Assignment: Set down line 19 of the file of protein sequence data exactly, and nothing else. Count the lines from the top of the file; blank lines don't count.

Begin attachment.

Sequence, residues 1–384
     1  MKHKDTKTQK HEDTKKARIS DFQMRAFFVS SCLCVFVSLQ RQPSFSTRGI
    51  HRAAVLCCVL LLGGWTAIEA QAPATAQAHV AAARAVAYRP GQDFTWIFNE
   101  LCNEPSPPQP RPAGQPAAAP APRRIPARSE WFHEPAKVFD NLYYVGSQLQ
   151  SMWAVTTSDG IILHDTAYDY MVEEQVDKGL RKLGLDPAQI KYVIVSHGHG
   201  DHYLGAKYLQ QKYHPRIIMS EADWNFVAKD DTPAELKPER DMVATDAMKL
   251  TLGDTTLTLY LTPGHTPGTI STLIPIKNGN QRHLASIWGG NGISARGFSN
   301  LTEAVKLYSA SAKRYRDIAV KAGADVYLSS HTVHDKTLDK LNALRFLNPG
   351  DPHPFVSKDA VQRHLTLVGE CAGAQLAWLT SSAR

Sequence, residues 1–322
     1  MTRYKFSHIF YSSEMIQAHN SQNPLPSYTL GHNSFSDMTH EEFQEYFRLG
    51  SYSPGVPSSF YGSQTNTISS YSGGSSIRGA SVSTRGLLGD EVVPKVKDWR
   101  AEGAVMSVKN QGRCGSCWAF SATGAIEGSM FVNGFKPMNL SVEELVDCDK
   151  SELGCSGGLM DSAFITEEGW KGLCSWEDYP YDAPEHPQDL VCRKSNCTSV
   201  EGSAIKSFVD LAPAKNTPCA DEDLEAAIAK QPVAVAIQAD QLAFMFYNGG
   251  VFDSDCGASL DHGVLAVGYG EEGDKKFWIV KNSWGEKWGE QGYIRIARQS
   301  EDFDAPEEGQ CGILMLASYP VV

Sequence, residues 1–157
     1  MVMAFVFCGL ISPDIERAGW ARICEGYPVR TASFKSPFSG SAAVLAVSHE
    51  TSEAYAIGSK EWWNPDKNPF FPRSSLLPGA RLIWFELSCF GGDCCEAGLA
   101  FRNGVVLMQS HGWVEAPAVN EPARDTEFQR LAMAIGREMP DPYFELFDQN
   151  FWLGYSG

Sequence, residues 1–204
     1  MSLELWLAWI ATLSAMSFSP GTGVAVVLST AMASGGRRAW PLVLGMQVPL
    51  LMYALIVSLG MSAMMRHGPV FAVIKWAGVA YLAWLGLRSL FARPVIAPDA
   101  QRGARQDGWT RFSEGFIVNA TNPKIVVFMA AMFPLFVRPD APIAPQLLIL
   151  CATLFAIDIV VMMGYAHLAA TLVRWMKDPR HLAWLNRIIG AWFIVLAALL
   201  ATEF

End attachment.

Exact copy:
     1  MVMAFVFCGL ISPDIERAGW ARICEGYPVR TASFKSPFSG SAAVLAVSHE